Free to charge utilities whatever the market would bear, power suppliers did just that. In some circles, that's called exercising market power. "Others call it 'price gouging'," says Edward Smeloff, executive director of Pace Law School's Energy Project in White Plains, N.Y. Last week, the California Independent System Operator, which oversees the state's electric-transmission grid, complained to the Federal Energy Regulatory Commission that suppliers had overcharged the state's utilities an estimated $6.2 billion since last May. Not so, say the suppliers. As deregulation spreads across the country, expect more spats like these. To date, 24 states have passed deregulation laws, and 10 of those are already open to competition. The rumblings about price gouging are reverberating up and down the Eastern Seaboard in states where deregulation has already arrived. Nevada Gov. Kenny Guinn has called for a halt to his state's deregulation plans until power supplies stabilize and utility bills stop climbing.

It's not just fear of opening the next gas and electric bill that has gripped Americans. In the Midwest, they are terrified of flashbacks: full-serve premium: $2.70, blared the sign at one Chicago gas station last summer. Could it happen again? Maybe not $2.70 a gallon, but $2 isn't out of the question. "We think we're going to see somewhat of a repeat of last year's gas-price situation," says Geoff Sundstrom, spokesman for the American Automobile Association's national office in Heathrow, Fla. Tighter environmental restrictions on the types of gasoline sold in some metropolitan areas are expected to contribute to higher gasoline prices in various cities this summer. That's bad news for Chicago cabby Sanjay Malhotra. "You have to drive another one or two hours every day to make up for what you lose in pay to gas prices," says Malhotra. "Last summer was terrible. You'd be paying $40 for a tank of gas when two years ago you used to pay $18." Malhotra, who spent the past decade learning how to speed his taxi with aplomb down Michigan Avenue, has even taken to driving more slowly--to save on fuel.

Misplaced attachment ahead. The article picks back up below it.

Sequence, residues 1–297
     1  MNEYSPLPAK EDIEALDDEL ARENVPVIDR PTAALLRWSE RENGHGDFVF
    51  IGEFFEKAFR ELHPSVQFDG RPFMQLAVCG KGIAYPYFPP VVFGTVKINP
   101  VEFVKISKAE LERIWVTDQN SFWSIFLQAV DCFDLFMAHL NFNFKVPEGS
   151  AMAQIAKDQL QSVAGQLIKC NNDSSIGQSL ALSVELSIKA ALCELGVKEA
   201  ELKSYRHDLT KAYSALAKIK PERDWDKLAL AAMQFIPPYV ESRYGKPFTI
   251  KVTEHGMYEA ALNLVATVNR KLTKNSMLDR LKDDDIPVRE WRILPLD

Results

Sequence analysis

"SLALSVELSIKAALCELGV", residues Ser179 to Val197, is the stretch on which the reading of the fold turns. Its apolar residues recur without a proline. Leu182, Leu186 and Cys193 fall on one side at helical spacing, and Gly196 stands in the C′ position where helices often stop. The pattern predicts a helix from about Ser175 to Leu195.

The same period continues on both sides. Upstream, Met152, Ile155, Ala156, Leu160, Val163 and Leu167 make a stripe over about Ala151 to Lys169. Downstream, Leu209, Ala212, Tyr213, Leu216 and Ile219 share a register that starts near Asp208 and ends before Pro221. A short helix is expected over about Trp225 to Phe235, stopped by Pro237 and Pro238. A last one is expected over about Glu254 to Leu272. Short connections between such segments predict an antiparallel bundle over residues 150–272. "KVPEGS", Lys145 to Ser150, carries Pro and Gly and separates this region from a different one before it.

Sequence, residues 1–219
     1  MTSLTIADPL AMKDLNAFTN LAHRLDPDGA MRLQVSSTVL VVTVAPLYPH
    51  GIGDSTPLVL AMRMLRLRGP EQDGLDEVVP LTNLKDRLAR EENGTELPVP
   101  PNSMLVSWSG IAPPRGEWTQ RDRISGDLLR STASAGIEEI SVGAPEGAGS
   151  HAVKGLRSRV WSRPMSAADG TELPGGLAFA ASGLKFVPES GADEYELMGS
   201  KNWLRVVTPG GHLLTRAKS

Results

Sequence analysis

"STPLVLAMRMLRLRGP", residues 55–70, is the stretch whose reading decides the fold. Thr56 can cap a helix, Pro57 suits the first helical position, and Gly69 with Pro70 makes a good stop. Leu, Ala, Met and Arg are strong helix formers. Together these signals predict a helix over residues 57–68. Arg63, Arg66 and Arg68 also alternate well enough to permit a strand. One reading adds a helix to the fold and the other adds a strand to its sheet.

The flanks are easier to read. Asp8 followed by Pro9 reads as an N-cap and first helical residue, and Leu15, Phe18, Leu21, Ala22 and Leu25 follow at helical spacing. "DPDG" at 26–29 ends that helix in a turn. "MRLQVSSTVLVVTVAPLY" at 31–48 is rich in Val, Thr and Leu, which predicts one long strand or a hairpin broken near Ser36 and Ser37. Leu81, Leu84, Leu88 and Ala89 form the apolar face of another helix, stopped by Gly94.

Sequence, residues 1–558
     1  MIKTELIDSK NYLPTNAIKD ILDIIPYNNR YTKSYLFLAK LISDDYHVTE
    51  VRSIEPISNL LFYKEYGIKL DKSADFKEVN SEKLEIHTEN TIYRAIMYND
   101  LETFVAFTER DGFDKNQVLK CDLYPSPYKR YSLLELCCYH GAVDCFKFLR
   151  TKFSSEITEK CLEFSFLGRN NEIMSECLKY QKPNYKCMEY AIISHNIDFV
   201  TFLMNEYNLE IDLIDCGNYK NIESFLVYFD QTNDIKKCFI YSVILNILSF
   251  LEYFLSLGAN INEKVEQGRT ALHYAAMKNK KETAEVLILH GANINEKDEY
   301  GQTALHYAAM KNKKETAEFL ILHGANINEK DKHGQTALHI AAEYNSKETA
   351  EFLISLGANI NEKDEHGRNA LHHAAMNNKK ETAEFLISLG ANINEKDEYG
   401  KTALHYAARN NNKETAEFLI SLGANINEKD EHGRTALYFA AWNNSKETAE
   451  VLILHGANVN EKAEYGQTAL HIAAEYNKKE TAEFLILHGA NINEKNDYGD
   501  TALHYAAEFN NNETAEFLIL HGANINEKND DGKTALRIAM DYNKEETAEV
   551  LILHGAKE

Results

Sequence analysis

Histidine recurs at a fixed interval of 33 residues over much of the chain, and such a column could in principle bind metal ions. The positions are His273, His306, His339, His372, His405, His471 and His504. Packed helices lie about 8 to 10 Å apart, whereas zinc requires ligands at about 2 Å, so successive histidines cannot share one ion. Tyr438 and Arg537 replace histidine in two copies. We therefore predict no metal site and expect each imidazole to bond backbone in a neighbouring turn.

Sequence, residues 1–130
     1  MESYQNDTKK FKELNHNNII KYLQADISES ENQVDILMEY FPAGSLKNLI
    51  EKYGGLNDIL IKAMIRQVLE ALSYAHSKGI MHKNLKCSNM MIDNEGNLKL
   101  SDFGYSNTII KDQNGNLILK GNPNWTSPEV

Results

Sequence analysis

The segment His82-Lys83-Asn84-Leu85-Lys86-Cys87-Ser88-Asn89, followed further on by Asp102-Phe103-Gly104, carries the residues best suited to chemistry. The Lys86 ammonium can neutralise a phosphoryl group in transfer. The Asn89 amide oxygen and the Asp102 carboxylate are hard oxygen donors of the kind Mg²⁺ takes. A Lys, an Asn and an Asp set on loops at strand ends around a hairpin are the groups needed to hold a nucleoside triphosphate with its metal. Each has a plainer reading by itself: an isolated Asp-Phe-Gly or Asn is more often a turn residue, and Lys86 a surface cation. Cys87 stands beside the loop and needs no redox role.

The new energy crisis is slowing down more than cabbies. In the Midwest, rising natural-gas costs have been especially devastating to fertilizer manufacturers, who rely heavily on the fossil fuel in the production of ammonia: Terra Industries in Sioux City, Iowa, had to suspend production for almost two months this winter, and company executives worry they could be forced to shut down altogether. Even the nation's money supply is being affected. Crane & Co., in Dalton, Mass., which has been making paper for U.S. currency since 1879, saw its electricity costs jump 25 percent at the beginning of the year and now forces some employees to work on weekends when electricity prices are cheaper. "Every day we have to watch what machine we turn on," says Stephen Sears, Crane's director of engineering and environmental services. "If somebody just turned a machine on at the wrong time it could cost us literally $30,000 in electrical costs." Meanwhile, things in California have grown so dim that several states are trying to lure away weary high-tech workers with promises of something more than inexpensive housing and traffic-free commutes. A billboard in Silicon Valley for the state of Minnesota greets drivers with the promise: we may have white outs, but we don't have black outs. Every crisis presents an opportunity.